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Had Caylee Fry been born a little later—or had youth sports inclusivity progressed a little faster—her high school athletics career might have included being crowned a wrestling state champion.

Instead, the University of Wisconsin Oshkosh junior physical education major and Titans soccer defender will settle for helping those achieve what just a few years ago was unachievable.

Fry, who grew up in Loganville and was a three-sport athlete at Reedsburg Area High School, has spent much of her time since her sophomore soccer season wrapped in fall as an assistant coach with the Menasha High School wrestling team.

It’s a continuation of her lifelong involvement in the sport that only recently became more welcoming to female athletes.

“I absolutely love it,” she said. “The connections I’m forming with these girls, and seeing them be able to accomplish the dreams that I couldn’t—because it wasn’t available to me—is just amazing.”

Caylee Fry finished her sophomore season as a defender on the Titans soccer team last fall.

The first-ever Wisconsin Interscholastic Athletic Association (WIAA) girls wrestling state tournament was held last year in La Crosse. This year it’s moved to the Kohl Center in Madison and will be held in conjunction with the boys tournament Thursday through Saturday.

Fry graduated high school in 2020, and throughout her four years of wrestling she competed only with boys and was the lone girl on her team of about 30. Despite the others’ advantages in testosterone and muscle mass, Fry said she probably had a .500 record.

“I think I was technically more sound than a lot of my opponents I wrestled in high school but I got overpowered 90% of the time,” she said. “I think if I could have wrestled girls in high school, I probably would have been a state champion, if it existed at that time.”

Becoming a Titan

Fry fell in love with wrestling and soccer as a child.

Growing up, Fry loved both wrestling and soccer. When it came time to choose where to go to college, she wanted a clear path to a kinesiology graduate program and an opportunity to continue playing soccer.

“Originally I planned on only wanting to play soccer in college but when I got a message from the wrestling coach I was like, ‘I could do both. That would be really cool,’” she said. “So I really think that’s what brought me (to Oshkosh) was the opportunity to do two sports that I had grown up loving my whole life.”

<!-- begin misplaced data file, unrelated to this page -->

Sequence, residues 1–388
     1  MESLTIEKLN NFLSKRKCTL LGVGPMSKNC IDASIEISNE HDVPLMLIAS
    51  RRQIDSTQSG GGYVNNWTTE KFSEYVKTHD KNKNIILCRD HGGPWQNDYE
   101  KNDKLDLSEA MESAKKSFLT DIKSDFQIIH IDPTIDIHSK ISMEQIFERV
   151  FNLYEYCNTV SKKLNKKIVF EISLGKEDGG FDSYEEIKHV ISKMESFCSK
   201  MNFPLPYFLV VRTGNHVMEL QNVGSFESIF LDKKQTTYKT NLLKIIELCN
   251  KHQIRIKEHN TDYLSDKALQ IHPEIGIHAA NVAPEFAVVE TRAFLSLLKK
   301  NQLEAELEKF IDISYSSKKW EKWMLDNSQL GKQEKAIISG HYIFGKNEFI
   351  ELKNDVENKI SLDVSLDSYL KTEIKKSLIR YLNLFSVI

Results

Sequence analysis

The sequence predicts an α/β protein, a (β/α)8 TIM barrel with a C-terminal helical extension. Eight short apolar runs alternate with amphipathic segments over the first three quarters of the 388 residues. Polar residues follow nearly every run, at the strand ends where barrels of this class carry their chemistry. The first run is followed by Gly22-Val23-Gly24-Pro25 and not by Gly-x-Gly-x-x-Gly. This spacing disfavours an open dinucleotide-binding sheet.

Her first year at UWO, Fry began practicing with the wrestling team. It turned out taking on a second sport and navigating the first year of college—and the pandemic complicating everything—was a bit much. Before the truncated wrestling season began, she decided to focus elsewhere.

“Wrestling is a sport where you need to be 100% mentally there, you have to love your team and you have to have all these great connections,” she said, “and at the time I don’t think I was in the right headspace to have given my all to the sport that requires your all.”

That likely ended her career as a wrestler. But her involvement in wrestling was only evolving.

A new opportunity

Another pivot came during that first year: She changed from a kinesiology major to physical education. That, of course, changed her future—but also has taken her to other opportunities. Alex Mueller, human kinetics and health education lecturer, had Fry in class and happens to be an assistant coach for the Menasha High School wrestling program. His brother also is the head coach.

Mueller remembered Fry as a Reedsburg wrestler and, with the number of girls interested in the sport in Menasha, asked her to get involved. There was some hesitation, she said, but eventually she thought she’d give coaching a shot.

“It was one of the best decisions I could have made,” she said.

It’s a big time commitment, with after-school practices during the week and tournaments on Saturdays. But the benefits have far outweighed any inconveniences—for all involved.

This season, there were times when there were more than 10 girls in the Bluejays wrestling program. Now there are about six or seven, Fry said, and they’ve been finding success. This past weekend four girls wrestled at sectionals and all four advanced to the WIAA state tournament.

Fry is one of two women on the coaching staff helping guide both the boys and girls on the Menasha High School wrestling team.

Erin Coppernoll, head coach of the Titans soccer team, said Fry has what it takes to be a great educator. She is always able to listen carefully and apply what she learns to improve, whether as a player or person. And Fry always carries a great “team mentality” wherever she goes.

“She is eager to improve upon the person and athlete that she is. I am sure she is hoping to do the same to those who she coaches,” Coppernoll said. “Caylee’s character is one that is helpful and understanding and she wants the best for everyone.”

Looking forward, Fry hopes to build a career in physical education, perhaps in a strength and conditioning role. She’d also like to stay involved in coaching. Having seen how girls wrestling has changed since she was first putting on a singlet, she hopes to continue to be a part of whatever the future holds.

“When I was in high school I think I was the only girl from my high school to have ever made it all four years through the wrestling program, let alone on varsity,” she said. “Seeing how its grown—it’s one of the fastest growing sports right now. I hope it keeps going.”

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